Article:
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Day 16 – Thursday 14th August 2014


The next morning we left just after 10am and joined the convoy motoring towards the next lock that took us onto the Markenmeer, another large enclosed body of inland water. We are defiantly getting better at the locks and we now always tie a line mid ship first and then try and control the bow and the stern from swinging out too far into the lock.


Once we were through we sorted Hydi out and again we had a wonderful sail in quite strong winds, we passed a lovely lighthouse and in no time at all we were preparing to enter the canal system that would lead us to Amsterdam.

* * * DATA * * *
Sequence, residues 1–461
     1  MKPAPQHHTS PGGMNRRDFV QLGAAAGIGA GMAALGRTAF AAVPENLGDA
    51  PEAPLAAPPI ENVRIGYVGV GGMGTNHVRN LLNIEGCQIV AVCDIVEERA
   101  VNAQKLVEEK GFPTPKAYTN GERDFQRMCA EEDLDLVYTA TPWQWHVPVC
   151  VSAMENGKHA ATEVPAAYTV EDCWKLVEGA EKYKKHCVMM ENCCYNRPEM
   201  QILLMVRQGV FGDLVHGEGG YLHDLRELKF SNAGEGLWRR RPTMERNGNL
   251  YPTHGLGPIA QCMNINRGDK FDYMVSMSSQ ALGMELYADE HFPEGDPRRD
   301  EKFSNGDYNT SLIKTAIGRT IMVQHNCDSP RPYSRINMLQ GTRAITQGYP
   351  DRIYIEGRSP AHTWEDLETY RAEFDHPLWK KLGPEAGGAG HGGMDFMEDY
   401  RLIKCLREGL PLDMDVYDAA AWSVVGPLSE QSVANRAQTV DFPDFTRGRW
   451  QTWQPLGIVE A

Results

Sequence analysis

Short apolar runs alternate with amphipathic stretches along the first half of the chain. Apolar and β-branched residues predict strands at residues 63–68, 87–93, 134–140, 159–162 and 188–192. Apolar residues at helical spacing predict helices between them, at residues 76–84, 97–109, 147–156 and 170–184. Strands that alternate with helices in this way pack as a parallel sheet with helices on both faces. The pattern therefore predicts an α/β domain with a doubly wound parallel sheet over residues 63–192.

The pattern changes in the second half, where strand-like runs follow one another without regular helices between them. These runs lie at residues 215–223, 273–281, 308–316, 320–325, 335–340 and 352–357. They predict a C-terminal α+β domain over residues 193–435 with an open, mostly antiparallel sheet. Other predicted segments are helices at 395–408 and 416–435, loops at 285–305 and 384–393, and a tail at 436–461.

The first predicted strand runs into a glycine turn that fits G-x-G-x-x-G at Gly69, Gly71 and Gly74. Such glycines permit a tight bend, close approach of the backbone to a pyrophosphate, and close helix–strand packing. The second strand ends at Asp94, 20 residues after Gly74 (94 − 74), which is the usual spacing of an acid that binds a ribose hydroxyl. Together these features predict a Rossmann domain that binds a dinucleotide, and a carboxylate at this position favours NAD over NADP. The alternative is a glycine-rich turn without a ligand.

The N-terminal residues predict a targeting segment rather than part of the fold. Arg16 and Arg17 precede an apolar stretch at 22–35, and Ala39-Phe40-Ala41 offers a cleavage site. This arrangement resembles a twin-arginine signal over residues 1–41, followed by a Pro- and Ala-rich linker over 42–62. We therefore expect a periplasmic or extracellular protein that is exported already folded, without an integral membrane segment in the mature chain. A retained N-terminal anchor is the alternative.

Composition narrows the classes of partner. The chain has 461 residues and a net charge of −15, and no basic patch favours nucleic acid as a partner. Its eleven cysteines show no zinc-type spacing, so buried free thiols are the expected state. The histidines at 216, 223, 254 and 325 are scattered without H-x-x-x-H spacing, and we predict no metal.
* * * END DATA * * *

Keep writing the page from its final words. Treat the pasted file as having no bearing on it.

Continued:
At the entrance to the canal there is a lock and a bridge. It was busy and we had to squeeze in between two other yachts. We held on tight to their guard rails as the water poured in.  As the gates swung open I said to Claire that we would let everyone else go and be the last to leave the lock. As I put her into reverse she didn’t answer to the helm as she normally does and Claire had to use all of her strength to stop us from hitting the yacht we were tied up to and after that the concrete wall of the lock. I couldn’t figure out what was wrong but luckily when I put her into forwards she responded normally and we motored safely out of the lock. It was only when we started to take the fenders and mooring lines in that I realised I had left the rudder of Hydi on and so in reverse her rudder had control and not the boats rudder. Another lesson learnt!!!!!